A Modern Girls Guide to Appreciating Singleness

How to make the most of the single life & prepare yourself for the relationship you want. 

I can attest that as I've become more intentional with how I spend my time as a single gal, I've become more understanding and aware of why this time exists. To say I'm grateful would be an understatement. My singleness has provided me with tremendous opportunities for personal growth; I've accepted them all as graciously as possible. I know, with certainty that this time has made me a stronger individual and prepared me to be more present in all areas of life; especially to be a better partner. As a result, I know I have a lot to give and will add value to all relationships - romantic or not - and I seek for the same in others.

I’ve been doing a lot of thinking lately about what I want and expect out of a romantic relationship. Honestly, I’m not unhappy being single (you might have also read my recent post about taking a break from dating apps). There are a lot of completely wonderful things about it; despite how horrid some might have you believe it is. To me, being single (even in my 30s) is not a death sentence, a marker of brokenness, or a curse to live a life of solitude. No, being single is a time to become grounded in who you really are as a person. It’s a wonderful time of finding yourself; should you choose to look at it as such.

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While I have great appreciation for my singleness, I also believe we’re hardwired for connection and companionship. Yes, we can find great expressions of both in our friendships and non-romantic relationships. However, I also know that there is a deep, special kind of growth that can be achieved through a romantic partnership. This energy is unmatched and tremendously powerful. I consider a relationship a vehicle for not only romantic love and connection, but also healing and transformation. Why wouldn’t I be excited to call in the person who compliments, stimulates, and challenges me on all levels? I absolutely am.

However, I’ll be honest, dating after 30 is a little different. You don’t have the same level of naivety and courage you had in earlier years. You’ve probably had your heart broken and are coming to the table with wounds that cause you to have judgments and fears. You’ve developed habits and expectations that often feel more important than they really are. You’ve often invested your time and energy into places that actually promote your singleness, even though you truly want a partner. All things considered, we’re often doing more to block love than to call it in.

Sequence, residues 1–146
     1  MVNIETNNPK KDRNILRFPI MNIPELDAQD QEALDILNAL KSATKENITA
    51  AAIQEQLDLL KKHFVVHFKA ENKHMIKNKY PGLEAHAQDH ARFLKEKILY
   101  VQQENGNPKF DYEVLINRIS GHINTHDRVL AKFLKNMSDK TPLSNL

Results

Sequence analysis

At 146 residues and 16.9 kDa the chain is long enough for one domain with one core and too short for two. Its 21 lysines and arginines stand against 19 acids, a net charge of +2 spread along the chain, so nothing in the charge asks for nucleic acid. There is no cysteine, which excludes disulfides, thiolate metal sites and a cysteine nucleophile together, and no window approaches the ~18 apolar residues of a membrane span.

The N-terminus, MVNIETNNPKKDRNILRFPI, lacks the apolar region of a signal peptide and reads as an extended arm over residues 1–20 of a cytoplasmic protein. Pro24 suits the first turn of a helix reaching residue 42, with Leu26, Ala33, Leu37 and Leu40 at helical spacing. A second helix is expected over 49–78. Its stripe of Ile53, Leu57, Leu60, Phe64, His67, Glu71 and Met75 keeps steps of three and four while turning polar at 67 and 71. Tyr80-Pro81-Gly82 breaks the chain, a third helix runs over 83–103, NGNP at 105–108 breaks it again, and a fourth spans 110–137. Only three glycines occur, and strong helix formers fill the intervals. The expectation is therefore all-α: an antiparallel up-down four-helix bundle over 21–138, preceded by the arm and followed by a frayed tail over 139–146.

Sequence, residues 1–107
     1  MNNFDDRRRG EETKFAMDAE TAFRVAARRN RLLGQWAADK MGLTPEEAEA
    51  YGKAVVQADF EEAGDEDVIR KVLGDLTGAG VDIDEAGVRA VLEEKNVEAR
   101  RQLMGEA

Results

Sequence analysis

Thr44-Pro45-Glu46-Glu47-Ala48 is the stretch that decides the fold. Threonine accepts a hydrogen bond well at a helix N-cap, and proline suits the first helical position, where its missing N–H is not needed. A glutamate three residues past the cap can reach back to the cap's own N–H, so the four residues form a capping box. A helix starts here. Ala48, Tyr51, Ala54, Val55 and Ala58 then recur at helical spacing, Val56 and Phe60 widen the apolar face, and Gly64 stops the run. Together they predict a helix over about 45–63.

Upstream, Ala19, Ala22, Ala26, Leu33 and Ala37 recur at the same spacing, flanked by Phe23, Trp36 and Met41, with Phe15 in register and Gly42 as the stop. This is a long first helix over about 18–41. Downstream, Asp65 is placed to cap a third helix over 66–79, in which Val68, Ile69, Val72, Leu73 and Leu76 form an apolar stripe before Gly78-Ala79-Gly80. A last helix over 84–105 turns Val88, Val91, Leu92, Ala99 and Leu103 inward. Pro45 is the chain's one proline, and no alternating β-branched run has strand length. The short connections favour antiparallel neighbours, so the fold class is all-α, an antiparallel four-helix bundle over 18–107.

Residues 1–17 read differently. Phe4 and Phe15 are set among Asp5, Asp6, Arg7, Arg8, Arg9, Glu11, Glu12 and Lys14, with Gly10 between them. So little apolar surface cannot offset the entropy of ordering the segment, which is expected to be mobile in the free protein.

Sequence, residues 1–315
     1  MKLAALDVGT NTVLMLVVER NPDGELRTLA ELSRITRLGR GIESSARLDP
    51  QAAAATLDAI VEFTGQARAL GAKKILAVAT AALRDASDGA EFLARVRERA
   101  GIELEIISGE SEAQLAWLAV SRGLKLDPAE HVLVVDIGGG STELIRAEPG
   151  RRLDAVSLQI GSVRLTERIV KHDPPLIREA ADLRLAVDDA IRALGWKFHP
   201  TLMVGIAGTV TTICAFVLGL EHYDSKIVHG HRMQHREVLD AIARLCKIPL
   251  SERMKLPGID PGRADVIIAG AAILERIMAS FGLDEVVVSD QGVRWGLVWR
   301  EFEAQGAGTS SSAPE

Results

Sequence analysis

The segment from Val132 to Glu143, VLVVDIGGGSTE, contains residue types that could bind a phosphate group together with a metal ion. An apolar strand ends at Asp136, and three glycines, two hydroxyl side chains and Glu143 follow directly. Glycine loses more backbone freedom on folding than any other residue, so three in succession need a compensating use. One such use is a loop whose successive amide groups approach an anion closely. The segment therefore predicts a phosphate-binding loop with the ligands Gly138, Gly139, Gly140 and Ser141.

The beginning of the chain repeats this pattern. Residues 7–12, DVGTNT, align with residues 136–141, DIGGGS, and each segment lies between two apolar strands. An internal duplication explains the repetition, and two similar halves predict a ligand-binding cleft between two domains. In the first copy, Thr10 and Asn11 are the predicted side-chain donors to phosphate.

So, what can we do to better prepare ourselves for the relationship we want? Here are a few simple steps to consider:

Get truly grounded in who you are. One of the most frequent pieces of advice I hear when it comes to dating is to be yourself. In my humble opinion, this requires you to actually know who that is. Why not spend some of your time as a single uncovering the self you may have hidden away as a way to cope with old wounds or conform to what you thought was expected of you? We’ve all done it to some extent and reconnecting to who you are is one of the most powerful ways to ensure you are able to show up fully when a new romantic partner comes into the picture.

Don’t get lost in your own story. You’ve no doubt developed an internal narrative when, where, and how our relationships are supposed to look. Because we’ve spent so much time developing this story, we understandably get really attached to it. Why wouldn’t we? Often, we’ve built quite an elaborate story of what our romantic partner will look like and how things have to play out. Be patient as things are finding their form. The Universe has a plan for you that cannot be restricted to your when, where, and how. Avoid getting attached to your own story; each time I’ve found myself wrapped up in a story line of my own creation, I’ve found it comes with struggle, anxiety, and disappointment. Relax and trust that the Universe will support you and guide you to the right place and person at precisely the right time.